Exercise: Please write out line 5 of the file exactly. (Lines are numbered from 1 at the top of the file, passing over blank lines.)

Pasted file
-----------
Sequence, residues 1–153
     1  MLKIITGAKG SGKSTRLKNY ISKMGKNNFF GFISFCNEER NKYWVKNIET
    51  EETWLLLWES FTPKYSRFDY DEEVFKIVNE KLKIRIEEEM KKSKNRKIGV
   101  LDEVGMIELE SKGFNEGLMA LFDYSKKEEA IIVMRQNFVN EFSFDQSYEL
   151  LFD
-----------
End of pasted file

   151  LFD